Dorset army colonel with Parkinson’s ends Africa trip


A retired army colonel with Parkinson’s has taken a solo trip across Africa to raise awareness of the disease.

Guy Deacon, from Sherborne in Dorset, filmed his 20,000km drive across the continent, which ended in Cape Town last week.

The 60-year-old, who was diagnosed 11 years ago, said the journey became “almost impossible” as his illness progressed.

A TV documentary will be made on his return to the UK, charting his journey.

The former Bovington Camp commander said little was known about Parkinson’s in Africa, where some people with the condition believe they are cursed.

He said he appeared on national TV and radio programs “to get the conversation started”.

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But Mr. Deacon, who spent time in Africa while in college and in the military, struggled to cope with the disease he wanted to publicize.

He said: “When I was in Ghana I was in bits and pieces, had a bit of a breakdown. I hadn’t taken the right pills and was lost, I almost ended up in hospital.

“But this guy picked me up, let me stay and let me sleep in his daughter’s room. That family took care of me, they were so nice and generous.”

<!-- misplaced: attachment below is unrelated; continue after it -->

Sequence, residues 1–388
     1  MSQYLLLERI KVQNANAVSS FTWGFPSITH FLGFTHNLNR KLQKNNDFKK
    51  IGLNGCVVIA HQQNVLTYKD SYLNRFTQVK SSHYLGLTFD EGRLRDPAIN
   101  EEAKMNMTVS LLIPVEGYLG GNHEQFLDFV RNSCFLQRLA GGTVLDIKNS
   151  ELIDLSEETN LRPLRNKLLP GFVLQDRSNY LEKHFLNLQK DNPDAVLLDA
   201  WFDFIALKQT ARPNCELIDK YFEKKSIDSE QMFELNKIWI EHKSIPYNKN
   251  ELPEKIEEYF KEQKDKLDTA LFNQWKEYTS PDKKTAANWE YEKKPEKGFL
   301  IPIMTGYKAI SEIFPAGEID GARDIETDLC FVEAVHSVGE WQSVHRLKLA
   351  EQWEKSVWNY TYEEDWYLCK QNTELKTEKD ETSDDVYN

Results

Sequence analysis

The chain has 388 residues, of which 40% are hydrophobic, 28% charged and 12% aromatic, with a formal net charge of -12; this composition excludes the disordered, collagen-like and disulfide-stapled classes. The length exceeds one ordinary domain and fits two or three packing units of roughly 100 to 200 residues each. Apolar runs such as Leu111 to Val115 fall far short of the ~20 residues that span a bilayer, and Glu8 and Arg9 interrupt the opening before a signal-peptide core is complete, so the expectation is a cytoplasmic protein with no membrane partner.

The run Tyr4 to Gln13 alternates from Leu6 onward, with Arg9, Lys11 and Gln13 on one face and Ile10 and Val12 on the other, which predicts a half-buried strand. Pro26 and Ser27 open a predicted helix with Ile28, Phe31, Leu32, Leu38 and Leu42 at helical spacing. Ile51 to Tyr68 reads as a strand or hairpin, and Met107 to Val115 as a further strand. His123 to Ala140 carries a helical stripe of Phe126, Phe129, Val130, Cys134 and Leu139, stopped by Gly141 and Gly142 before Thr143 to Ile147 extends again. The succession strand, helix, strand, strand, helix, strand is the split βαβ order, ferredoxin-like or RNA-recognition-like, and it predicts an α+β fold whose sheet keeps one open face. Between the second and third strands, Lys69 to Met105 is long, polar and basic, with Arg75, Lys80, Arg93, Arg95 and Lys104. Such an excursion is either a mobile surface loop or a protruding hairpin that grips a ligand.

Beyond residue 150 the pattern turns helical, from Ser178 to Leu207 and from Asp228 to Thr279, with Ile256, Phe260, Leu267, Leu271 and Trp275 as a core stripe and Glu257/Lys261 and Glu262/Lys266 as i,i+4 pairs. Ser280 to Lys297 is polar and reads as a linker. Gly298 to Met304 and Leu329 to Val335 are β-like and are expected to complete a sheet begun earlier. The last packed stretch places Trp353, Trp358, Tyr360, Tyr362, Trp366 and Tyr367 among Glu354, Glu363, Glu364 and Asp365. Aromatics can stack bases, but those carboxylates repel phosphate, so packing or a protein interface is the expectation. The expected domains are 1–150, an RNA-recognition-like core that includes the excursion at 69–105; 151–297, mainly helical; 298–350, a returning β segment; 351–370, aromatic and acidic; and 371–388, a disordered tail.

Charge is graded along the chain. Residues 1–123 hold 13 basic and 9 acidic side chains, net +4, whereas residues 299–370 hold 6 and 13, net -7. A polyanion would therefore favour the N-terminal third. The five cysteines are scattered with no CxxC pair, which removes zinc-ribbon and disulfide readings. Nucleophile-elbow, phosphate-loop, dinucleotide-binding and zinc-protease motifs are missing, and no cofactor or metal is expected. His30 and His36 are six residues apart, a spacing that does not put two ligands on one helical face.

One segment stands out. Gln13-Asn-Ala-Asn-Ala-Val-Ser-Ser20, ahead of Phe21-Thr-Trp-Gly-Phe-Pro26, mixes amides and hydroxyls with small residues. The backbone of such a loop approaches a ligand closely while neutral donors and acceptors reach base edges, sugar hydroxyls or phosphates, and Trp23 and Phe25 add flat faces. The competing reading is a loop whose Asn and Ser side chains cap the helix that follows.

He said he never had any problems with people and they “went out of their way to help. It was incredible”.

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“The less they have, the more they do,” he said.

The retired colonel’s Parkinson’s disease means he can’t write “because my hands don’t work well”, which “makes dealing with things like money really challenging,” he told the TBEN in April.

But he said driving was easy because he just put his hands in the right place on the steering wheel.

As his illness progressed, it was sometimes “not unusual to be unable to move,” Mr Deacon said.

“I’ve proven I can do it, but just barely. It was almost impossible, Parkinson almost won,” he said.

On reaching South Africa, the 60-year-old said: “Letting go of the burden completely deflated me.

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“I turned off the engine key, I put my head on the steering wheel. I was exhausted.”

“You were an emotional dude, your lip was twitching,” said filmmaker Rob Hayward, who met Mr. Deacon four times to document the experience.

“It was really hard,” the retired colonel admitted. “But emotionally I thought, what do I have to lose?

“They’ll see me for who I am. No one knows how miserable this thing is. I’ve been pretty blunt.

“For a man from the military to be in tears on camera is something.”

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